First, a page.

Category: baby girl names
By Linda Rosenkrantz
There aren’t very many usable names beginning with Z, and even fewer for girls than boys. Yet the very rarity of girls’ names starting with the last letter of the alphabet immediately gives them an element of distinction, as well as an exotic sound.
Over the years, Zelda has been the longest running American Z girl, in the Top 1000 for most of the years between 1880 and 1967 (and returning just last year). But recently it has been Zoe—and all her spelling variations—that has been the massive hit.
Here they are, along with other, less common, great Z possibilities for girls.
If you believe that baby names are destiny and are hoping for a kid who will ace their SATs and go on to have a brilliant career and exhibit great wisdom in life, then a good strategy would be to choose a name that embodies intelligence and wisdom. And these are the smartest baby names that do all that.
Originally a lively o-ending German name meaning ‘old and wise’, Aldo has long been among the most popular baby names in Italy, where it’s Number 175, and is beginning to catch on here: it is now Number 617 in the US. Aldo Moro was an intellectual prime minister of Italy and Aldo Raine (aka Aldo the Apache) is a main character in the film Inglourious Bastards.
They thought finding a name for their daughter would be a snap! But now they’re struggling to narrow down names that are classic, but not too common, to find the perfect unexpected – but not too out-there! – name for Jonah’s sister.
We are looking for a girl’s name that is not super popular, but not so unusual that it is weird. My husband prefers classic names, but I am drawn to names that I hear less often.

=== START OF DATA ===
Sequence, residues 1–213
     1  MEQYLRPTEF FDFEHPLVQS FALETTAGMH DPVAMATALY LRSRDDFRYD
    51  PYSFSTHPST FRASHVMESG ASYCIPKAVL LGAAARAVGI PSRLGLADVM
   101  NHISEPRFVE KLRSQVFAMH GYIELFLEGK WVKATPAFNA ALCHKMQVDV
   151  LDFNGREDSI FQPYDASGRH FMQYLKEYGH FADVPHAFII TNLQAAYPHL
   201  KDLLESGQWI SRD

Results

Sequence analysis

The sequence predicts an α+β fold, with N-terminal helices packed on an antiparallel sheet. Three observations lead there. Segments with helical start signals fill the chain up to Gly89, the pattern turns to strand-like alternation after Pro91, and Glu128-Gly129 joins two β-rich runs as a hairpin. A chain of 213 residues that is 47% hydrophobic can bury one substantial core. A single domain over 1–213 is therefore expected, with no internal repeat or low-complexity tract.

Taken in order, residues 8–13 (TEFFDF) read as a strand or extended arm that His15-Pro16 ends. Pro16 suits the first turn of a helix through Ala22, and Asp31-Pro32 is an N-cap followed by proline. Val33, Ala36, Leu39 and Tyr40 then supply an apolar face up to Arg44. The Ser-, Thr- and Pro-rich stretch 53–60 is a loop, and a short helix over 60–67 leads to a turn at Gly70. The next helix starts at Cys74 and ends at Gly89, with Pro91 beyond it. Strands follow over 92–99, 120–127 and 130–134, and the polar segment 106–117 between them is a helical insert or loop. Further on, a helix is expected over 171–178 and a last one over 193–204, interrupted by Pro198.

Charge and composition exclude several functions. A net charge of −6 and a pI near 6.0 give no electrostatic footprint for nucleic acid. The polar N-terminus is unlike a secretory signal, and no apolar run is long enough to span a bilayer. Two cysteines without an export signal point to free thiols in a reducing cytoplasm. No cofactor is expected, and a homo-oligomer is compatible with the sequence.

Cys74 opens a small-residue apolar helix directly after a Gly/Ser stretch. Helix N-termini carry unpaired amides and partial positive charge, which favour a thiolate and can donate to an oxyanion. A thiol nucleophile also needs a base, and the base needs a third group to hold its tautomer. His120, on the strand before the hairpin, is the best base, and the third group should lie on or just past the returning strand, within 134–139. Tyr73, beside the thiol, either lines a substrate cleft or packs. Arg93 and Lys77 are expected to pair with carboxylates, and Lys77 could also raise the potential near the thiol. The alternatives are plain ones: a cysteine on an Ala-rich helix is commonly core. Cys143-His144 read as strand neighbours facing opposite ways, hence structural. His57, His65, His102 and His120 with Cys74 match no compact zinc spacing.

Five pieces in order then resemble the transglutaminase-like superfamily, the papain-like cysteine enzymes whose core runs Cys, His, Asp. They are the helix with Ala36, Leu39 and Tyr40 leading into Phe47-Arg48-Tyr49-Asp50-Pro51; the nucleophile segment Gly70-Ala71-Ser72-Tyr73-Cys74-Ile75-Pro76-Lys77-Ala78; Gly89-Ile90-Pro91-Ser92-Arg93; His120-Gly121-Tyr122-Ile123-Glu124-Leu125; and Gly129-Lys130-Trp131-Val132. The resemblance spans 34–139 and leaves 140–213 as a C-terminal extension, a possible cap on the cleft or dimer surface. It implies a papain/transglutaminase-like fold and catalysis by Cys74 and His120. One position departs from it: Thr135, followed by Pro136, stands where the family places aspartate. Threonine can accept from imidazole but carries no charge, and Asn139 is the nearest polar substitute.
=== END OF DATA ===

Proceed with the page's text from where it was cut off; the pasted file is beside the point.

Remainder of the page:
Current favorites from both of us include Cora, Isla, Margot, Eleanor, Autumn, Elaina, and Daphne. Meaning also plays a part, as some meanings or background can be off putting. Middle name will be Elizabeth (family name), and our last name is very common.
What feminine, but unique/classy name are we missing?
The Name Sage replies:
By Abby Sandel
That tracks with the trend reports French baby name site Meilleurs Prenom’s Stephanie Rapoport has filed for Nameberry in recent years. Louis and Louise are in the nation-wide Top Ten for France, and other names, like Lilou and Louna, have been in favor, too.
At first glance, American parents have let this trend pass us by. But when Lu– names are added in, it’s a different story.
When we named Post-Gender Baby Names as our Number 1 trend for 2016, we were mostly just guessing. Oh sure, the guess was backed up by some strong cultural trends, from marriage equality to trans recognition, as well as a raft of celebrity baby names.
But when The New York Times asked us whether we could back up the trend with, you know, actual statistics, we weren’t entirely positive what we’d find. Baby name prognosticating is as tricky as any other kind of forecasting, relying as much on instinct as on science. Our gut told us that baby names that defied gender categories were on the rise for both girls and boys. But would the numbers bear that out?
Our discovery, as reported in today’s New York Times by Alex Williams: The number of babies with truly unisex names — those most evenly split between the sexes — has exploded in the past ten years. And boys are getting these post-gender names as often as girls, with 60 percent more babies getting gender-neutral names in 2015 than in 2005.